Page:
But the deal has raised additional concerns - chiefly, whether combining News Corp. and Sky will give Murdoch too much control over news in the United Kingdom. An Enders Analysis study of Sky's ratings and News Corp. readership concluded that 22 percent of the news that Brits consume would come from the merged conglomerate.

Even if Murdoch had no clearly defined political agenda, that level of concentration would still raise huge questions - about, for instance, such a company's ability to slant news in ways that enhanced its financial prospects, or its market power to exclude certain stories from public scrutiny. The political slanting of news from News Corp. outlets, however, is conscious and constant. Consider, for instance, the memo (subsequently leaked) that Fox News Vice President Bill Sammon sent at the height of the health-care debate, shortly after Republican pollster Frank Luntz said on Sean Hannity's Fox show that Americans were split on a "public" option but that when it was called a "government option," voters overwhelmingly opposed it.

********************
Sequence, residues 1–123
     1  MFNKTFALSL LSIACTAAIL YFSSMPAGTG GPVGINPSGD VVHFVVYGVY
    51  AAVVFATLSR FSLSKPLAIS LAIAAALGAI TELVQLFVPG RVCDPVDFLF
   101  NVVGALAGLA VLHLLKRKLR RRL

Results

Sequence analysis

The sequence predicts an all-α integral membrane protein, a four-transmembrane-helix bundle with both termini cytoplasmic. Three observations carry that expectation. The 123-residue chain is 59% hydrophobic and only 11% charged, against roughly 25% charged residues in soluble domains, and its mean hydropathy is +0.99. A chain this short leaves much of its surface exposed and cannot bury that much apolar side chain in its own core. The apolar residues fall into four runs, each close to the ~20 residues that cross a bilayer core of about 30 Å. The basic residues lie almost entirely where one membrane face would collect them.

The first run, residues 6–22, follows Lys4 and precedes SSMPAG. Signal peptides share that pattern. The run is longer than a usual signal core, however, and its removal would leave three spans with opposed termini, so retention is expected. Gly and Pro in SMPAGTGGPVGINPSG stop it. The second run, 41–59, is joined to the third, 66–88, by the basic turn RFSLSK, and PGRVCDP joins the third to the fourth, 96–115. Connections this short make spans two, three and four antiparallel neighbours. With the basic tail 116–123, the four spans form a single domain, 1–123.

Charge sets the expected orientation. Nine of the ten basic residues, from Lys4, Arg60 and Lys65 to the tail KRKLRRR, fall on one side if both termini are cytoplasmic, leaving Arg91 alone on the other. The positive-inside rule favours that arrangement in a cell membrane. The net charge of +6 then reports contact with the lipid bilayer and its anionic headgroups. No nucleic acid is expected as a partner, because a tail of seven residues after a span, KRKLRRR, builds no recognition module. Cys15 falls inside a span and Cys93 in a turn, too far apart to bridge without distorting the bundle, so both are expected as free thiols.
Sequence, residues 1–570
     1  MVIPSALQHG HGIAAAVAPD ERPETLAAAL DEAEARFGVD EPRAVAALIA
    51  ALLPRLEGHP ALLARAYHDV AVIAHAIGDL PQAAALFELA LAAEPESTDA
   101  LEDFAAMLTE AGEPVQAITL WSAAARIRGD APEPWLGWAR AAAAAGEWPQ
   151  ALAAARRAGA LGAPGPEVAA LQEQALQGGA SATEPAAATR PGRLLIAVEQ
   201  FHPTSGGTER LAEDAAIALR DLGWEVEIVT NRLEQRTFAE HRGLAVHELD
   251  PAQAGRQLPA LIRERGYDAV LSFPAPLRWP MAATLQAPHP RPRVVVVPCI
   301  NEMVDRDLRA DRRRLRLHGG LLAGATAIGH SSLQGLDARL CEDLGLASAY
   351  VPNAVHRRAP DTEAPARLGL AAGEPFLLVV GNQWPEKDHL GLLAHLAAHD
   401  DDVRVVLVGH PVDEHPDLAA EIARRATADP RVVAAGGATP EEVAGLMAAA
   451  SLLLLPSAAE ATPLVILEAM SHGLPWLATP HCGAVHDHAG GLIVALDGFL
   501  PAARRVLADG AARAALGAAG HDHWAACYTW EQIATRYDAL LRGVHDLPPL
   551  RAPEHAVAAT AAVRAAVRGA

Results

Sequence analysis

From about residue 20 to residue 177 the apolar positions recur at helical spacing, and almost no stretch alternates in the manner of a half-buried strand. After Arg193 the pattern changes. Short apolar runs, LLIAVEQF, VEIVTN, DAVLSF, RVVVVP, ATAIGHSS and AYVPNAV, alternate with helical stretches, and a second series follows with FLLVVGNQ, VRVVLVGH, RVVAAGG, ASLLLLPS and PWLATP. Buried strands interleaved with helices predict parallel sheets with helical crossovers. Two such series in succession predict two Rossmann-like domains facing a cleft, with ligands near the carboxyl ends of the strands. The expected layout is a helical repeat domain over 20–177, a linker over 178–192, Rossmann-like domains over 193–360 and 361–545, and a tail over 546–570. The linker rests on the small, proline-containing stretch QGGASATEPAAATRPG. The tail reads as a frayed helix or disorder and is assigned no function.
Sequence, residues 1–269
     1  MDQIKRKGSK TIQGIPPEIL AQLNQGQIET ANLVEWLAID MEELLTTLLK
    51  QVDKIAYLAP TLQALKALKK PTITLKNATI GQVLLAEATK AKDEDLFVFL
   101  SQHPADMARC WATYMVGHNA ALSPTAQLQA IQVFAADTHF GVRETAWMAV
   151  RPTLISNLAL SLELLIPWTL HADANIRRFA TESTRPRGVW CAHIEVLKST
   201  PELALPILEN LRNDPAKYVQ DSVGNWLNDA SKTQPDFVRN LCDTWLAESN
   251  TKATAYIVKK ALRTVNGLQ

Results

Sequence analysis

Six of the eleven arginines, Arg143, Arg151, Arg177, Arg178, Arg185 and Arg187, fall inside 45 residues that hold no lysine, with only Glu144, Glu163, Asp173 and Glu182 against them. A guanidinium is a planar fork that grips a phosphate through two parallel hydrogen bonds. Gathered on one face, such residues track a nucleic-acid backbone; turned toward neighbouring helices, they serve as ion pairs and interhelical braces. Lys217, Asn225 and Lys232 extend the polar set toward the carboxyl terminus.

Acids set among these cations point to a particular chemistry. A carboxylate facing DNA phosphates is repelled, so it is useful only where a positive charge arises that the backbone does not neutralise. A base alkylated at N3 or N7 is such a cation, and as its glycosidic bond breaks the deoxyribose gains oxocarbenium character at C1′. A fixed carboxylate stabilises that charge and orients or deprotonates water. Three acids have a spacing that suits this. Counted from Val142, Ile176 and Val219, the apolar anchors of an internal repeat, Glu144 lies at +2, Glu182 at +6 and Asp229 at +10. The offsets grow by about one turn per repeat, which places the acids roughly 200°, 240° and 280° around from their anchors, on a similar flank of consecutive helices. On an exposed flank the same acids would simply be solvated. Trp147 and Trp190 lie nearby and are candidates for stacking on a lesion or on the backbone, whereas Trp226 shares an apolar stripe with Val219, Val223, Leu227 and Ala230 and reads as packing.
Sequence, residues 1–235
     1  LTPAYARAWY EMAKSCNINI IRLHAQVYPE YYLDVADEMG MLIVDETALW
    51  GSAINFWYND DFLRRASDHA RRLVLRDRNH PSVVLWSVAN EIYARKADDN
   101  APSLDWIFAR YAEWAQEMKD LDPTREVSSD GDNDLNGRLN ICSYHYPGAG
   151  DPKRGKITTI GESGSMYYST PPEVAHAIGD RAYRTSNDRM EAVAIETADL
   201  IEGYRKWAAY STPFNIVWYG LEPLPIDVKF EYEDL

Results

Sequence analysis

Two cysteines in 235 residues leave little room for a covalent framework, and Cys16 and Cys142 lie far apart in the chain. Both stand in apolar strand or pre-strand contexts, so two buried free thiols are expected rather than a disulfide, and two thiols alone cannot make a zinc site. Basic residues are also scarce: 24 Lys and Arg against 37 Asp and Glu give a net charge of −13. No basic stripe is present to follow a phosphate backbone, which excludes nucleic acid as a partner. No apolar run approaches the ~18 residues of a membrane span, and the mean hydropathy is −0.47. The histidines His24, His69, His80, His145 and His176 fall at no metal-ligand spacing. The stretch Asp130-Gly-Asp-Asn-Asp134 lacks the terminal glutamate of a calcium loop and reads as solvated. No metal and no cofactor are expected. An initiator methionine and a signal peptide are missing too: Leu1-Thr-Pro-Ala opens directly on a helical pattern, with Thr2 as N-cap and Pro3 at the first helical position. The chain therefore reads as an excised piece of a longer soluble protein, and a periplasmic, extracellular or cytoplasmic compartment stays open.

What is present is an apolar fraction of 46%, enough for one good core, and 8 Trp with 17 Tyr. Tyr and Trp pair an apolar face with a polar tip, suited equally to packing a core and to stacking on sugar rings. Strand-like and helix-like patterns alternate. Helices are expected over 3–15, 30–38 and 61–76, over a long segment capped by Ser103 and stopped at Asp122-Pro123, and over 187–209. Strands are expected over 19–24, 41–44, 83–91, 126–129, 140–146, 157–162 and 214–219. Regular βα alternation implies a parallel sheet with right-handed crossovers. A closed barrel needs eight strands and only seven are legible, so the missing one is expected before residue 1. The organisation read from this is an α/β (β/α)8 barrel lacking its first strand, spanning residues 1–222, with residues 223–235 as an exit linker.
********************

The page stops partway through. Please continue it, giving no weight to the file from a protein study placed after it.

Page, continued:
Sammon directed news staffers to "use the term 'government-run health insurance,' or, when brevity is a concern, 'government option,' whenever possible."

Murdoch's appetite for news outlets in both old media and new is no less insatiable here than in Britain. His acquisitory zeal may at times appear less menacing because the product he turns out for elite audiences is often high-quality stuff.
His purchase of the Wall Street Journal initially sparked concerns about what direction the Journal's news pages might take. But in his bid to undercut the New York Times, he has turned the Journal's weekend arts and literature section into an extremely smart cultural weekly with no discernible political bent.

Yet the stuff his company feeds mass audiences is the most sustained and coordinated dose of right-wing propaganda this country has ever seen. Father Coughlin, Joe McCarthy, George Wallace and their ilk were freelancers, much as Limbaugh is today. The choir at Fox News, by contrast, sings from Murdoch's hymnal. Their mission, promoted by Fox News president and former Richard Nixon aide Roger Ailes, is to advance right-wing causes and Republicans.

Does Murdoch believe all the things that his Fox News employees say on the air? That, as Glenn Beck has alleged, President Obama hates white people? That the specter of socialist authoritarianism lurks behind Obama's reformist policies?